Sexual Abuse Investigations Stymied by the Vatican at the Expense of Truth
By Brian Mark Hennessey
Canonists are currently tying themselves in knots to find justification (excuses) for Bishops and Heads of Religious Orders for not reporting child sexual abuse to civil authorities. Most of the arguments centre on the the 1974, “Secreta Continere” of Pope Paul VI. Previous to that Pope Pius XI’s 1922 “Crimen Solicitationes” was in force. In 1962 Pope John XXIII had added “Crimen Pessimum. Neither of the 1922 or 1962 documents prevented reports of paedophile behaviour being made to the Civil Authorities. Yet, Paul VI, found justification – somewhere in Scripture I must assume – to prevent heinous crimes of child sexual abuse committed in civil jurisdictions by paedophile clerics from being reported to the law enforcement authorities of those very same civil jurisdictions.
Unsurprisingly, I have not yet discovered the Biblical reference upon which it hinged. Presumably, there must be a reference somewhere for going back a few years, those Australian bishops who wanted to be very open about child sexual abuse in the Australian Catholic Church were famously summoned to Rome and were obliged to sign a “Statement of Conclusions” that referred to a crisis of faith in the Australian Church. The document insisted that the “Church does not create her own ordering and structure, but receives them from Christ Himself”. So – there must be a biblical reference somewhere. I just cannot find it. I’ll start at page 1 again and read it more carefully.
The case of Cardinal Philippe Barbarin of Lyon, France, who is being investigated by the French State for another failure to report abuse to the French civil authorities is a further case in point – and is in the headlines at the moment. According to one canonist Barbarin’s failure to follow the civil laws of France was justified as he was acting in accordance with the overwhelming weight of opinion of the church’s most senior cardinals and canon lawyers about his moral, ethical and canonical obligations at the time. His holy, Christ inspired, duty was go to jail rather than report the crime. Bit odd to me! Sounds immoral! Yet, historically there have been other cases which have cast doubts about the morality of the Vatican’s resort to secrecy to protect its own image.
One such case was that of Bishop Pierre Pican of Bayeux-Lisieux, France, who was given a three-month suspended jail sentence in 2001 for failing to inform authorities about a serial paedophile priest. In September 2001, Cardinal Dario Castrillón Hoyos, at the time the prefect of the Vatican’s Congregation for Clergy, wrote to Pican congratulating him for the “cover up” and his letter reads: “I rejoice to have a colleague in the episcopate who, in the eyes of history and all the others bishops of the world, preferred prison rather than denouncing one of his sons, a (paedophile, criminal) priest.” The brackets are mine! Hoyos said that he was sending a copy of his letter to all the bishops of the world, holding up Pican as a model to follow. He also said his congratulatory letter was approved by Pope St John Paul II. Similar statements condemning the reporting of paedophile priests to the police by bishops were made in 2002 by high ranking prelates in the Roman Curia and Church leaders in France, Germany, Belgium and Honduras.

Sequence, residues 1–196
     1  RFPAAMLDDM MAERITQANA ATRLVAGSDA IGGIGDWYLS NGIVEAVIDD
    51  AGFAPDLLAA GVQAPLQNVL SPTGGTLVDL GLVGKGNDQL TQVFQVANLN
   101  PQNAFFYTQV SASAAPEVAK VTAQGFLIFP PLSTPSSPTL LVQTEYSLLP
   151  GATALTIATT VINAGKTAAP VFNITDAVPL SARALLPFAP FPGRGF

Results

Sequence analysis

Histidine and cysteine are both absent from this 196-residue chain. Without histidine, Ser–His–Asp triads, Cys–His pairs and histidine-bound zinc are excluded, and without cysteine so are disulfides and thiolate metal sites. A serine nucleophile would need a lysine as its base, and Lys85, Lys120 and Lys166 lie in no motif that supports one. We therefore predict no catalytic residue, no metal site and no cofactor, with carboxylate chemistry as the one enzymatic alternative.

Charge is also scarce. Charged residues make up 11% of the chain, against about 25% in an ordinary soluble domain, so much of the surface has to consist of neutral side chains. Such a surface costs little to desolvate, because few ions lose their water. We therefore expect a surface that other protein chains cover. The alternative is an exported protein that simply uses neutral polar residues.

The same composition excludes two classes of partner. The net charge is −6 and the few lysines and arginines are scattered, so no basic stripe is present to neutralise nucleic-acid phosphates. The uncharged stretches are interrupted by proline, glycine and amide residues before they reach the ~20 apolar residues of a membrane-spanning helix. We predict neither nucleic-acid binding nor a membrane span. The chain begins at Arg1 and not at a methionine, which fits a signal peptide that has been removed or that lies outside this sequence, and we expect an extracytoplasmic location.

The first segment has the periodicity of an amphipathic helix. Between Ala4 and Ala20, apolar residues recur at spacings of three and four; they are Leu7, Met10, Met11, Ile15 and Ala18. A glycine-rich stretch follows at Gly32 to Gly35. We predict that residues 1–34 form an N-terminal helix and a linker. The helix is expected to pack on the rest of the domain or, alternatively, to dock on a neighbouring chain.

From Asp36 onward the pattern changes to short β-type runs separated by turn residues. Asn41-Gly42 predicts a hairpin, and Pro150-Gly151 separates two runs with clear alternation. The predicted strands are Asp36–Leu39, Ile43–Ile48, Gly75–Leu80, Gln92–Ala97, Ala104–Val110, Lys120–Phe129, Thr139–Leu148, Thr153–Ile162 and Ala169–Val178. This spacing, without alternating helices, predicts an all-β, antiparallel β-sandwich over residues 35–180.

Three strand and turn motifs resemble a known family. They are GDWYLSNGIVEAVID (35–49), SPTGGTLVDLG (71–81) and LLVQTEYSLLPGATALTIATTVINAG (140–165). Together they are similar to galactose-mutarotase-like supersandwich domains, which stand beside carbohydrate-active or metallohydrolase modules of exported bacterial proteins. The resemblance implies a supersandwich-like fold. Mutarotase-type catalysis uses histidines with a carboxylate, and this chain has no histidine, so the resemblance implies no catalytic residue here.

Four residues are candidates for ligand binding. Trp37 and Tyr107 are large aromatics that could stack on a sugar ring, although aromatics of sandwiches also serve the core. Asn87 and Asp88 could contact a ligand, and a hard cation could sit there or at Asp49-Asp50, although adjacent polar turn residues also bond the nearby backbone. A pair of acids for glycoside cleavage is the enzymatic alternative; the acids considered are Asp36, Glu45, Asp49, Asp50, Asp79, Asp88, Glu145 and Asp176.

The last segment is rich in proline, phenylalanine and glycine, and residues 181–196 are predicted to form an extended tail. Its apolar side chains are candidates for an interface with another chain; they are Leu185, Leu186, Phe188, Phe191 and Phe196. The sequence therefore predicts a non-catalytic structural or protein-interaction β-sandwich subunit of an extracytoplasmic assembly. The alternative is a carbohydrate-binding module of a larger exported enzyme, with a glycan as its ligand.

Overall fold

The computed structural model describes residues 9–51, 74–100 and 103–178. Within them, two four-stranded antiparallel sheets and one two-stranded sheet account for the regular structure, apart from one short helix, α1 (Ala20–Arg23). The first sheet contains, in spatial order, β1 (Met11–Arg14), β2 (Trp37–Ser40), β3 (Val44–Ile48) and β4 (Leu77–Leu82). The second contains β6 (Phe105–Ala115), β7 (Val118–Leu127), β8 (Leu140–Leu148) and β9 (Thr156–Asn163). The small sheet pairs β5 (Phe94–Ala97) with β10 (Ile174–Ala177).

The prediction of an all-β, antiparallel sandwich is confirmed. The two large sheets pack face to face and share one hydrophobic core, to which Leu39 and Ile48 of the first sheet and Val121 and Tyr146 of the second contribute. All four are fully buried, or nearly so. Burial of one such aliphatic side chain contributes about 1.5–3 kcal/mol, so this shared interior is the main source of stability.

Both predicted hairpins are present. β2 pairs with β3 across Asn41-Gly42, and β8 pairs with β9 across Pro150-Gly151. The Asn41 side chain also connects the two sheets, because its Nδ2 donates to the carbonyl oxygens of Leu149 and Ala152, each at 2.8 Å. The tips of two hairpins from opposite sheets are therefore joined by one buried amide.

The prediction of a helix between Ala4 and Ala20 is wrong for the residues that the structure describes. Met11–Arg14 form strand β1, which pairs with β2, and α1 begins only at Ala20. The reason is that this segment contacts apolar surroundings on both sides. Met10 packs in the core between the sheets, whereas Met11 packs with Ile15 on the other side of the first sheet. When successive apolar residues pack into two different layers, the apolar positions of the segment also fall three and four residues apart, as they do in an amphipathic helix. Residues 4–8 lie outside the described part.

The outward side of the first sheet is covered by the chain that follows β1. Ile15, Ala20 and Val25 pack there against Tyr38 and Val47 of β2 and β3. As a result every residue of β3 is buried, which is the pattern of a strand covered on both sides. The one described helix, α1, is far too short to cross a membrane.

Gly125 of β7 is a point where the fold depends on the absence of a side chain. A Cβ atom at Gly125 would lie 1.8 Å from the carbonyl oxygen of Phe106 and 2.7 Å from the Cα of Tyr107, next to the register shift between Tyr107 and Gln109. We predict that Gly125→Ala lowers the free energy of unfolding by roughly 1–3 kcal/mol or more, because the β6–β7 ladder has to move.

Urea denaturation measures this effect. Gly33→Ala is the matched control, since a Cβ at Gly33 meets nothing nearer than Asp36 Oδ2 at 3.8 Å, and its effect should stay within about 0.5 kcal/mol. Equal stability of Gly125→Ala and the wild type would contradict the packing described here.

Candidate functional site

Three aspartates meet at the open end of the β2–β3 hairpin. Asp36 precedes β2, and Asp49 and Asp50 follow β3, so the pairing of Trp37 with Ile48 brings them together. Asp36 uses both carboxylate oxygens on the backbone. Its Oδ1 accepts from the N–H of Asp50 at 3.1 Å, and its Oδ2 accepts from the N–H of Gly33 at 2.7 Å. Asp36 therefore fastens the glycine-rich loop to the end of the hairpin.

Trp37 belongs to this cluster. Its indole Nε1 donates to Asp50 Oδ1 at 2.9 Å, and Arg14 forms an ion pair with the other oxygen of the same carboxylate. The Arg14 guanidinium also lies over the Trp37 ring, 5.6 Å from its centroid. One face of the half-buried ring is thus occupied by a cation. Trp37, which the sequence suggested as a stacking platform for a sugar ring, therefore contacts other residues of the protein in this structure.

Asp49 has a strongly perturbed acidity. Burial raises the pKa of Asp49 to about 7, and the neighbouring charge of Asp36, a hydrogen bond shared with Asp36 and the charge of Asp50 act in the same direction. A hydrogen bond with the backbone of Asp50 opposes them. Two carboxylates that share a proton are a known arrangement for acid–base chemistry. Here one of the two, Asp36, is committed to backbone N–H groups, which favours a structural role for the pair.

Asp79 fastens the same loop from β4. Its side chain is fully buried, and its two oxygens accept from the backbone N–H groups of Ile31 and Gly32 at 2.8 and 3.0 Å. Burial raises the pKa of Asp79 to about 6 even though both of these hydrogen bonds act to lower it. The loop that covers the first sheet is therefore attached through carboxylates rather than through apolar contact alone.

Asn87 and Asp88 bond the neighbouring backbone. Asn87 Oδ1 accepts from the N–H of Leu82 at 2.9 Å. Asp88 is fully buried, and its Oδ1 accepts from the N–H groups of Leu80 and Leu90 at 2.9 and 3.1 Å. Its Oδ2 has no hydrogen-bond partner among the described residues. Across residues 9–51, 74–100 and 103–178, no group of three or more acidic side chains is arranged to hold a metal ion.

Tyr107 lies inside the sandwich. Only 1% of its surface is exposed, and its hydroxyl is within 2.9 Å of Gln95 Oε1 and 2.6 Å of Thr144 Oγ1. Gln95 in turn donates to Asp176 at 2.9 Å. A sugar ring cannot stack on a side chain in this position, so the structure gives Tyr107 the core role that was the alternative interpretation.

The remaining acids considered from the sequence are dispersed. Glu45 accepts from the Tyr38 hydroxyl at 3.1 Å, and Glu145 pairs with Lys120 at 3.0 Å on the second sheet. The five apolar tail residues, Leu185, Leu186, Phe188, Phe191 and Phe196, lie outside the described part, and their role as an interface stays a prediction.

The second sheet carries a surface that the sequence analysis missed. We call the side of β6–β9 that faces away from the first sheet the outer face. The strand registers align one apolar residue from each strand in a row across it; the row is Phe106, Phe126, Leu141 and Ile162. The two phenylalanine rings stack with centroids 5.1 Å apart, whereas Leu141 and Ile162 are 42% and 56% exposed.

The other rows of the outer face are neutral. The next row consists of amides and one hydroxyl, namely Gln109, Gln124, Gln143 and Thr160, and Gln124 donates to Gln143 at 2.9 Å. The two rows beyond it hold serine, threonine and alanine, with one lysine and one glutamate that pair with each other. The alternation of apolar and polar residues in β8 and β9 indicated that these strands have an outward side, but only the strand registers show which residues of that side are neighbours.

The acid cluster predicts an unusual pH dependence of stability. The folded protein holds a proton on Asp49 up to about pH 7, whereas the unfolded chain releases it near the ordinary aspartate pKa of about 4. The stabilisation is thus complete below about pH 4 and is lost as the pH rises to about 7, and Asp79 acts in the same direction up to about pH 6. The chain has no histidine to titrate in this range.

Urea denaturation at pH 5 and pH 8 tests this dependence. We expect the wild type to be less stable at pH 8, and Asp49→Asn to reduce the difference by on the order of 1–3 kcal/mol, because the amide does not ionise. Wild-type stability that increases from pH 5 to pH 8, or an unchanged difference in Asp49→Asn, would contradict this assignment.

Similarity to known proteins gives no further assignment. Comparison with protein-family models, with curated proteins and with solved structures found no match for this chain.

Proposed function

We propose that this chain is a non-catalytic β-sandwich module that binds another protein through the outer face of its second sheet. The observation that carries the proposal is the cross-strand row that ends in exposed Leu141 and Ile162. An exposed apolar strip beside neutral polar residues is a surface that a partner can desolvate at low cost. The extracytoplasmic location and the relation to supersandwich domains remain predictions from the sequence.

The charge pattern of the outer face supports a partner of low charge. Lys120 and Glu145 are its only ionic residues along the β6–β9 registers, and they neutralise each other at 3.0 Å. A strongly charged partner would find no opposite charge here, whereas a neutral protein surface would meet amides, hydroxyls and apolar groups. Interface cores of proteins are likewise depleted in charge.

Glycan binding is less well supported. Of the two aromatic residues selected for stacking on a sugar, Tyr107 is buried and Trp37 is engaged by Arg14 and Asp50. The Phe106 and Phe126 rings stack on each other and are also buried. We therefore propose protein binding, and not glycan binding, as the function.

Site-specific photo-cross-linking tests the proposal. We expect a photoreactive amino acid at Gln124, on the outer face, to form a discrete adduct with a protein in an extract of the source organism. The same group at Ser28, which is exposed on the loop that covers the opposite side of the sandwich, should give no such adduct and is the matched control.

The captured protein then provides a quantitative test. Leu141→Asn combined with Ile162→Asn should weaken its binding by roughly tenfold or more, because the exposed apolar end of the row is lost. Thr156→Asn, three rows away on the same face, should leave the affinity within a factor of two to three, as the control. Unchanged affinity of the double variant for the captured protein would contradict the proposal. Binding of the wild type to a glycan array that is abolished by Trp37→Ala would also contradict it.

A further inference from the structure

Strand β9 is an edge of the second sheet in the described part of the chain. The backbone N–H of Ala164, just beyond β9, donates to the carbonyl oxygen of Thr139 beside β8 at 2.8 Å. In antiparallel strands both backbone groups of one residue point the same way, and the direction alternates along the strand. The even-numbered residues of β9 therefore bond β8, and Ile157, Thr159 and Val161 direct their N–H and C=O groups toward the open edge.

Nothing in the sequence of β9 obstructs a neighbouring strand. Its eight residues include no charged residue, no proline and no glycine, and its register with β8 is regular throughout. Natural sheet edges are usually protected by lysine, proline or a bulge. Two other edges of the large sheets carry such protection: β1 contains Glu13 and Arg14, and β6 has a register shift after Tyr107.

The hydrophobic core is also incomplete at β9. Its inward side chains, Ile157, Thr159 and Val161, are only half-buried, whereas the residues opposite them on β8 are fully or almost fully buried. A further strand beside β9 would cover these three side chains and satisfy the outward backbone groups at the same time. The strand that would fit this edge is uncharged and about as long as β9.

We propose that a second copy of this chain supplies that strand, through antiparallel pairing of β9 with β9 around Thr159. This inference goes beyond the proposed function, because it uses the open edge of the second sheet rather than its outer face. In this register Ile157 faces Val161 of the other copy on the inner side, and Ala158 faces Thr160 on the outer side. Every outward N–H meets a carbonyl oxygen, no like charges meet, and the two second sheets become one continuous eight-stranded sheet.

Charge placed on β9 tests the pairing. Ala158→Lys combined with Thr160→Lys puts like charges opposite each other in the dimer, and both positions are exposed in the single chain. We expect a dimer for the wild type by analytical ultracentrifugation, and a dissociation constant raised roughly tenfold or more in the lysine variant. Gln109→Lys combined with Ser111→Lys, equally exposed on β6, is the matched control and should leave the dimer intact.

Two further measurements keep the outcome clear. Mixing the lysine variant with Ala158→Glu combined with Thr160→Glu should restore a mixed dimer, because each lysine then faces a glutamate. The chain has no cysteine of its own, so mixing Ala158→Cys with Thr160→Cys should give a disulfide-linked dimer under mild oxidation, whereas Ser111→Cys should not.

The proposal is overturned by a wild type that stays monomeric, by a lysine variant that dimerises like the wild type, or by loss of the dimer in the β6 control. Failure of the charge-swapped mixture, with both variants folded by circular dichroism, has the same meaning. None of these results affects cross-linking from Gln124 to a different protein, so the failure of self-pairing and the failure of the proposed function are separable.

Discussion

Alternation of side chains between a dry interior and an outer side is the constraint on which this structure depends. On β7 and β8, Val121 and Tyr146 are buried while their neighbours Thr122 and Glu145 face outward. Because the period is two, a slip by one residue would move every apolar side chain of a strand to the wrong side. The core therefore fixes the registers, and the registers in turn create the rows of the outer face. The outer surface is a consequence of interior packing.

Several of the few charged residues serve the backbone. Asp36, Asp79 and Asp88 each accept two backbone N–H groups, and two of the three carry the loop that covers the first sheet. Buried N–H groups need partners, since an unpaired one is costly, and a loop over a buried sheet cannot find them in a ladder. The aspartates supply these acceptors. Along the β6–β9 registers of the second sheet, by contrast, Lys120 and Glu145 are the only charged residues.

More recently, in 2015, the Holy See would not assist the civil authorities in the case of Fr. Mauro Inzoli, accused of abusing dozens of children over a ten year period. The priest was dismissed by Pope Benedict in 2012, but Pope Francis reinstated him (would you believe it) with restrictions on his ministry. When Italian investigating magistrates wanted to see the documentation of his canonical trial, the Holy See refused, saying: “The procedures of the Congregation for the Doctrine of the Faith are of a canonical nature and, as such, are not an object for the exchange of information with civil magistrates.”
Quite where the Vatican finds evidence for the concealment of crimes of child abuse and the protection of criminal paedophile clerics in the Gospels and Epistles puzzles me. I thought I knew them pretty well – having received a copy of both the Old and New Testaments from my father as a Christmas present (I was deflated at the time) as far back as 1956! I still have the same Bible today and have pretty much read all of it. I was taught and have subsequently always deduced that to tell the Truth was always a matter of an outstanding, higher, moral obligation to do so. I always believed that priests, priors, abbots, bishops, Cardinals and Popes thought the same as me! Indeed, as the pre-eminent regard of the very Canon Laws all the canonists at the Vatican keep quoting is the protection of the integrity of the Doctrines of the Disciples and Apostles in the Gospels and the Acts, then there is no better Biblical proof of the moral obligations of the Church’s ministers than in James the Just (James 4:17): “Whosoever knows the right thing to do and fails to do it, for him it is a sin”. Moreover, any over-riding duty to conceal the truth in order to avoid “scandal” does not feature in my copy of the Bible either! At least, it was not condoned by St Paul famously when he stated “Quench not the Spirit” in Thessalonians 5:19 – which is widely accepted as meaning that the Truth must “always” be told despite any of the adverse consequences of doing so. My Bible is the Knox Version – a translation from the Latin Vulgate and from Hebrew and Greek Originals. It’s a Catholic version in one volume. Is it the wrong one?